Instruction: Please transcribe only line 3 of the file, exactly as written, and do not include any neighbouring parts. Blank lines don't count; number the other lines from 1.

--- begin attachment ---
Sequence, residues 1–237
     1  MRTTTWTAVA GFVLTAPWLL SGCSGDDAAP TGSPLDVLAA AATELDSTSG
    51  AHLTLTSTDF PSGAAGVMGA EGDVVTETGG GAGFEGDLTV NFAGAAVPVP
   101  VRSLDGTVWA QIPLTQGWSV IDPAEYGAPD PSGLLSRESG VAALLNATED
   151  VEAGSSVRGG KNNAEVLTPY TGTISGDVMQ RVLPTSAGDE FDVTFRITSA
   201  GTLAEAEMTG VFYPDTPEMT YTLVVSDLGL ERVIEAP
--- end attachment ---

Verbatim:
    51  AHLTLTSTDF PSGAAGVMGA EGDVVTETGG GAGFEGDLTV NFAGAAVPVP